Plumkrazzee said...

I probably wouldn't have taken it, but I am so glad there are people like you to take them! Pictures are your thing, you NEED to be taking shots like this. The world would never see the stark realities of life if no one ever took a risk in what they photographed. Keep shootin'.

Laura said...

I think it all depends on the subject matter itself. You were able to take this shot without revealing the man's face, thus protecting his right to privacy. Homeless or not, he still has the same rights as all of us. :)

Im Chele in [dot] LA said...

I take pictures of homeless people alot of the time........
I have many in my photostream at flickr

I never show their faces.. that is my way of handling the fact that they deserve their privacy......

great Images

Goodbye Mes Amis said...

I probably would have done as you did.
I think that the act of photographing is always violent and imposing (hence the language, "shooting" etc). However, as a photographer, I have a love for photography and I respect it's place in my understanding of the world. Sometimes I choose to keep my camera in the bag, and sometimes I choose to "shoot" my subject. So, in my opinion, there is no easy answer to your question.
Here from Michele's.

Goodbye Mes Amis said...

Carmi, I always enjoy your posts so much, I just wanted to let you know that I'm adding you to my blogroll of blog peeps.

Kat said...

I would not have taken the picture, but I'm glad you did. I always want to take pictures of strangers but I never follow through, unless it's a case where I can make it look like I am really shooting something else--a landscape perhaps.

I miss Boston. My parents are selling their house there, and I'm very sad about it.

utenzi said...

Michele sent me back, Carmi.

Come on, Carmi. You're a journalist. That feelings stuff is for amateurs. Geeze!

As long as the fellow is alseep so you're not embarrassing him, and you don't show a face--what's the harm? And in a sociological sense you're helping him--sorta--by exposing the plight of the homeless.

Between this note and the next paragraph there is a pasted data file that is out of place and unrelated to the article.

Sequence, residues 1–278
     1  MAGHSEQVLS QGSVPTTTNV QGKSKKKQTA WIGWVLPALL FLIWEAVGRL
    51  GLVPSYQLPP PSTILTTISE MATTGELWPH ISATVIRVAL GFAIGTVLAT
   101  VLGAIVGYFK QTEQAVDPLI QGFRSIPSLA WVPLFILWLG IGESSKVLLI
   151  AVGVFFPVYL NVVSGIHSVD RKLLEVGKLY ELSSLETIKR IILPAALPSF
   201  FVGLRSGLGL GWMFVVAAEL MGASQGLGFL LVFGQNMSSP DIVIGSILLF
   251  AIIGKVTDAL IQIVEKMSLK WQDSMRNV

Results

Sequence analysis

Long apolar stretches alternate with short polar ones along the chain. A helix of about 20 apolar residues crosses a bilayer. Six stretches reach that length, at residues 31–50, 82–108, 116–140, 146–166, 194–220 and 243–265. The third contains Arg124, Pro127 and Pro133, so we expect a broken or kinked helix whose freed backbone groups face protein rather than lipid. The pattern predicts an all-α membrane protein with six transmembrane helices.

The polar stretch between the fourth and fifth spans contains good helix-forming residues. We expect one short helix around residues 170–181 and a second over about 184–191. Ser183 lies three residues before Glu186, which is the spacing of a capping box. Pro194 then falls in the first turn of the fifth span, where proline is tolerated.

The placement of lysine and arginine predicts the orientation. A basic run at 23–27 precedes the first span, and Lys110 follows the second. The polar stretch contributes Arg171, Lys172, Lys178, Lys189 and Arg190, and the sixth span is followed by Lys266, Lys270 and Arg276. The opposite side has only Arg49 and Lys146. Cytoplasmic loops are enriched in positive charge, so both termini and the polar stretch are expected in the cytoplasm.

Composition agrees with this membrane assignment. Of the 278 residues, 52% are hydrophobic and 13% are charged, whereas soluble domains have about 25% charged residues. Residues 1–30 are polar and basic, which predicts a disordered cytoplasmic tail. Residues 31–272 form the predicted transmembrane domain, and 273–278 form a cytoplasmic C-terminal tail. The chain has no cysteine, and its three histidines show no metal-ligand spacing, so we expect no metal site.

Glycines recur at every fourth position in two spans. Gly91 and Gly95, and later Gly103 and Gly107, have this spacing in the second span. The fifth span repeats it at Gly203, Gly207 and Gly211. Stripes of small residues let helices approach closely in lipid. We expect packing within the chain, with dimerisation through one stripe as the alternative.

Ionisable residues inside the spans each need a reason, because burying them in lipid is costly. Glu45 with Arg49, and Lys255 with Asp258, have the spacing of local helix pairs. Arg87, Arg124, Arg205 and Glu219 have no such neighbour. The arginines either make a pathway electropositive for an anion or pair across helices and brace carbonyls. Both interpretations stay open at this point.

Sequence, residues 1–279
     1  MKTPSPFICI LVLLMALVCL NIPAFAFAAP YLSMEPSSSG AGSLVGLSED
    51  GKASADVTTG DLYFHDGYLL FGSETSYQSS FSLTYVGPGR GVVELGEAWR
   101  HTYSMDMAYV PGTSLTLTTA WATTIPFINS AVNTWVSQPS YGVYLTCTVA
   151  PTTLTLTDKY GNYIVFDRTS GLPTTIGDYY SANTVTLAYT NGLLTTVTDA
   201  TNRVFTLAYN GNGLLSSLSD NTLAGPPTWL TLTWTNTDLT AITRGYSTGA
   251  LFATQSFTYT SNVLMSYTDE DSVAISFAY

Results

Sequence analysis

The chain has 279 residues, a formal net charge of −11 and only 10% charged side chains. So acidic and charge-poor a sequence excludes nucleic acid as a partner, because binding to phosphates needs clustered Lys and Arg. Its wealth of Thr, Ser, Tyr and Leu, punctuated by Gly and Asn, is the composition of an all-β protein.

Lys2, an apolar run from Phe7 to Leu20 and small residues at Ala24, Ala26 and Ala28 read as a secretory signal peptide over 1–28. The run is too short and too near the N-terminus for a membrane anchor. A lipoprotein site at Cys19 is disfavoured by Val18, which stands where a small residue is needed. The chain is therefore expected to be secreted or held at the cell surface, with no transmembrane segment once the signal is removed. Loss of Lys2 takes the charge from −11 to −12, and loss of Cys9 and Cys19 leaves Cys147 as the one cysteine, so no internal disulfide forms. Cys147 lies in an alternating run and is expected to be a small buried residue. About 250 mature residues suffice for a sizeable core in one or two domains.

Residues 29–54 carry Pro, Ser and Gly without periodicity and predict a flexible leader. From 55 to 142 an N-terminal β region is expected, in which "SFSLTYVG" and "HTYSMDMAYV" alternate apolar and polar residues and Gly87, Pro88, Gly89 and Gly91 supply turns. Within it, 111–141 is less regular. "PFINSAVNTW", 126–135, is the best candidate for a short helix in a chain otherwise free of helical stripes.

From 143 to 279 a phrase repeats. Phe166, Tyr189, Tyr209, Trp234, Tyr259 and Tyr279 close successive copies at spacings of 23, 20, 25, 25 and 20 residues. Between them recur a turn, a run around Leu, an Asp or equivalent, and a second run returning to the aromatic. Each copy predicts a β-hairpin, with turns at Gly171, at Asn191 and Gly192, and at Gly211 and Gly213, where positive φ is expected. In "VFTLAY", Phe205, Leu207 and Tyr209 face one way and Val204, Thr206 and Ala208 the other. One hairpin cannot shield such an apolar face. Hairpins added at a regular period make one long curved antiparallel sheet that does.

On the other hand, that might be a picture of you, taken with a timer, just to allow yourself to ask this question of us. LOL That reminds me of the situation with "the tear" in the movie Broadcast News where journalistic integrity was also an issue.

jafer said...

I find that picture hilarious. At least the guy has a comfy place to sleep.

colleen said...

I would have shot it respectively avoiding his face, which wasn't showing anyways. I think it speaks to an interesting juxtipostion of tourist shots and some sad reality mixed. Seems the man is okay with it.

Of course my camera sounds a little easier to be discreet with than yours.

keda said...

i felt like goodkharmabunny that he was just sleeping off a heavy night! people with perfectly good homes often sleep in parks in the uk obviously..... and his white shoes look ever so clean.

however, i would have taken the shot too. but this is something i've been worrying about lately. i post many pictures of my children, and although they are happy about it at the moment, i do wonder if in the future they might be angry.

food for thought.

beautiful post as always. water is such a good antidepressant and soother. the bosphorous is the best therapist i've met. i love the reflection picture in the post below too.

here via michele's today but you are always a fave!

rob said...

Always take the shot. ALWAYS.

I do understand and appreciate the dilemma but, as well you know, to not follow your creative instincts or spark an honorable narrative is a crime far worse than the possible invasion of privacy.

As the old cliche goes, it's better to ask for forgiveness than beg for permission.

Besides...that's just a great photo. I would have e-kicked your ass if you didn't take it.

rob said...

And your shutter speed is amazing. What kind of camera are you rocking there?

Carmi said...

Hi Rob. Surprisingly, I'm shooting with a Kodak EasyShare C330. It's a basic 4MP point-and-shoot, but it has a great lens, enough modes on it that I can approximate some semblance of shutter speed/aperture control, and a really good macro lens.

I keep it as my standby camera in my camera bag - the "big" camera is a blessedly ancient Nikon F-801s SLR. Yup, film-based. I'm looking for a DSLR body (either D50 or D70s) to replace it in the bag...the lenses and other accessories would carry forward.

Somehow, though, there's something elemental and cool about using a basic camera to get great pictures. Ansel Adams did some of his best work with a Kodak Brownie camera, so it's almost a testament to the history of photography that I continue to shoot with the basics.

Weird, isn't it?

Lazy Daisy said...

The photo of the homeless man doesn't show his face so as such he is not reconizable. The shot inhances your naration without violating his privacy.

Karen said...

Back again. I think it was OK to take the photo. You did it in a tasteful way, if that's possible. Isn't that what photojournalists win awards for?

Here again from Michele's....